COLUMBIA, S.C. (AP) - Budget cuts and the loss of federal grants will soon put the squeeze on law enforcement officers in schools.
The state Education Department expects to continue paying $34,500 to each high school for an officer or a guidance counselor. But officers' salaries, equipment and benefits, often cost about $55,000 a year.
Several counties - at least 18 - have been using federal grants to make up the difference, but many of those expire this year.
Many in education say the officers, who respond to crimes at their schools and try to prevent incidents by getting to know students, are helpful.
"They're a wonderful thing; they've been very successful, but you've got a tight budget," said Marion County administrator Pete Rogers.
The cuts are particularly hard to take with ongoing state budget woes that cut school funding by 4 percent earlier this year. But the officers are popular with parents.
"You hate to think that you need the presence of a police officer at school," said Dolly Montgomery, whose three sons attend Chapin's elementary, middle and high schools. "But I think it's worked into a positive thing. His presence is a deterrent to things going on, and he becomes like a mentor to them."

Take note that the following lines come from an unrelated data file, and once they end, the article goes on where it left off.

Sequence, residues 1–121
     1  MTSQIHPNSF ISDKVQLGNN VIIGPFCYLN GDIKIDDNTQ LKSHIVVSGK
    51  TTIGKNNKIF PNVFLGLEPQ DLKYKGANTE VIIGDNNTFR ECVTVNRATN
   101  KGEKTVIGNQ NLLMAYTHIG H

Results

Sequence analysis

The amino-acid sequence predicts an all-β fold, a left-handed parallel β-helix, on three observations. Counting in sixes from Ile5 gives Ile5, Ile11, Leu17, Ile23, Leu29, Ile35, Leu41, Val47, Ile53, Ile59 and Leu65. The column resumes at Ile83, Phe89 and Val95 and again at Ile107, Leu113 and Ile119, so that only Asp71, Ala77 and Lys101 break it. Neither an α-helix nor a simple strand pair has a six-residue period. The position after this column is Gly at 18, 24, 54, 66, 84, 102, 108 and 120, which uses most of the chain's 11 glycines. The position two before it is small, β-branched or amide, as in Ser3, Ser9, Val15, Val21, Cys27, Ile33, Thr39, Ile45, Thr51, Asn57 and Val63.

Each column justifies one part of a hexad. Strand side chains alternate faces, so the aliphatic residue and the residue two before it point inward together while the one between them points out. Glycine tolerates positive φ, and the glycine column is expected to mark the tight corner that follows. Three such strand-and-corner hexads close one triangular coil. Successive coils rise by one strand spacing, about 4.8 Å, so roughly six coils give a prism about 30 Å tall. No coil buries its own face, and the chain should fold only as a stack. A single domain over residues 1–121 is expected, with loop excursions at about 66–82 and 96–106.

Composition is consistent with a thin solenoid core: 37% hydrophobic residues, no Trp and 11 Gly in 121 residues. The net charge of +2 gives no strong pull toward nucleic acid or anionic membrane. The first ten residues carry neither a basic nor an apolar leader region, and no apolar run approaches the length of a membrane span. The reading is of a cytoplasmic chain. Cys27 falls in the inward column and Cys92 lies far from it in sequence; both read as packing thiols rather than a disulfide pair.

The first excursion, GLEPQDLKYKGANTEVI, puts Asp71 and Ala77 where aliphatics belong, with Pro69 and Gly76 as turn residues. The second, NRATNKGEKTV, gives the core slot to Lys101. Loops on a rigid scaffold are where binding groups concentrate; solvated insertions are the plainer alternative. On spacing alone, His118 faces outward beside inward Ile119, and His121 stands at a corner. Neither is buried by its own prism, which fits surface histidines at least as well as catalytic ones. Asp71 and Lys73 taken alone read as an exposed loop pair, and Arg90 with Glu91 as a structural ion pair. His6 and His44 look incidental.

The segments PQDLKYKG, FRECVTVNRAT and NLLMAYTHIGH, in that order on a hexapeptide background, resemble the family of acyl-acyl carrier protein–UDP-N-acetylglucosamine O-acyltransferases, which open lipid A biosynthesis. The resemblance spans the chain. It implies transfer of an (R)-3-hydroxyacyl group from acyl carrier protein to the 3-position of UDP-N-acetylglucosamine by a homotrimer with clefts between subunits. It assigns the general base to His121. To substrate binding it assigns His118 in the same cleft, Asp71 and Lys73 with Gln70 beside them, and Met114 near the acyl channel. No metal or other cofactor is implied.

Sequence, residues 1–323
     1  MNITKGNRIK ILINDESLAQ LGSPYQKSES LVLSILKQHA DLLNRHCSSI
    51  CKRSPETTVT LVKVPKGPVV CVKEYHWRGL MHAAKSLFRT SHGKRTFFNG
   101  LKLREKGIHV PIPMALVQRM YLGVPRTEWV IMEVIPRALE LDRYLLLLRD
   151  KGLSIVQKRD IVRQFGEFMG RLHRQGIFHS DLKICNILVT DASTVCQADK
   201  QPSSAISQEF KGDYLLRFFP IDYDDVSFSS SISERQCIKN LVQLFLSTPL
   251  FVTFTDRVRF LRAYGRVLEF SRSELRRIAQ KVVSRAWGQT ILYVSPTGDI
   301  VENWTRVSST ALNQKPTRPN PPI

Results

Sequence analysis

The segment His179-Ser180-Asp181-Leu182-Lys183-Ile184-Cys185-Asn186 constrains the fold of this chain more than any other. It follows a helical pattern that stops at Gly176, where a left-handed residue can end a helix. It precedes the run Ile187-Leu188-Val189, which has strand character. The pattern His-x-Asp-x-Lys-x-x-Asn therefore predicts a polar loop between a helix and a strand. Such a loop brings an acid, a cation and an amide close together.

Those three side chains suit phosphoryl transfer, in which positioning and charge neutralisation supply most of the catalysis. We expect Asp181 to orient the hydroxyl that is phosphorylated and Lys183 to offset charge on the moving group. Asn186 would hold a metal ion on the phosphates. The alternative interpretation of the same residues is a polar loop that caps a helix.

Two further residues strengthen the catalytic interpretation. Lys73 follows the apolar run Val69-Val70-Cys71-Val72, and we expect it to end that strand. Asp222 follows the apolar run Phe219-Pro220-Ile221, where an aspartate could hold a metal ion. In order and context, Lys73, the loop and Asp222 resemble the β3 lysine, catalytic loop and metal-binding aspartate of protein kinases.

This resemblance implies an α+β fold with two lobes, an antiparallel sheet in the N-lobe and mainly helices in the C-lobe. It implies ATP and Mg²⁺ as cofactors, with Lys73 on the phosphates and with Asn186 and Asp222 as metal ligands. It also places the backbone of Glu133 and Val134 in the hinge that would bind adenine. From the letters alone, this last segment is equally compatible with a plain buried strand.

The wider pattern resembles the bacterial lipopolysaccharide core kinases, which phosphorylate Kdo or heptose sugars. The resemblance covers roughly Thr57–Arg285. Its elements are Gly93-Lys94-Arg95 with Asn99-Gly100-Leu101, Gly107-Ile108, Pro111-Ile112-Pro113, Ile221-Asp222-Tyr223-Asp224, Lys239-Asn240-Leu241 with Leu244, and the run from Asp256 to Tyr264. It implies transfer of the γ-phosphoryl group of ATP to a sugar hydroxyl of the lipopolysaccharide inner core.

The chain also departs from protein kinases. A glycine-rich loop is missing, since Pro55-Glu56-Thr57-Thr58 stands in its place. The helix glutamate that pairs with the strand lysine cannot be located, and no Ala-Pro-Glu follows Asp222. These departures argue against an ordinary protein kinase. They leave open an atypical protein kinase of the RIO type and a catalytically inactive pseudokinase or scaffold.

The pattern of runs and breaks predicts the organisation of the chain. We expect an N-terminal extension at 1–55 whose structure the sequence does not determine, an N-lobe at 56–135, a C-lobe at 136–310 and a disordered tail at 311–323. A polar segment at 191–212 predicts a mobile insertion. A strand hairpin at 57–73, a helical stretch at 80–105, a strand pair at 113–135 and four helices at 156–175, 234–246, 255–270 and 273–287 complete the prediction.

Law enforcement officials say the peace of mind and real safety provided by the officers are essential.
"There is a general concern about not having them," said Jeff Moore, director of the South Carolina Sheriff's Association. "When you provide a resource officer and then you pull them out, then there's a concern for an entire community."
The idea of putting officers in schools dates back to the 1950s in Michigan, but it didn't catch on nationwide until the 1990s with the help of federal dollars and high-profile school shootings. As of last fall, there were about 14,000 school resource officers nationwide.
In South Carolina, one of the earliest programs started at Lexington County's Airport High School in 1993. Now every county in South Carolina has school resource officers, mostly at high schools and middle schools. Some school boards use local money to pay for elementary school officers.
"You never know when something can happen," said Pelion resident Elaine Addy, whose daughter graduated from Lexington 1 schools. The officers, she said, "are like a God-sent prayer."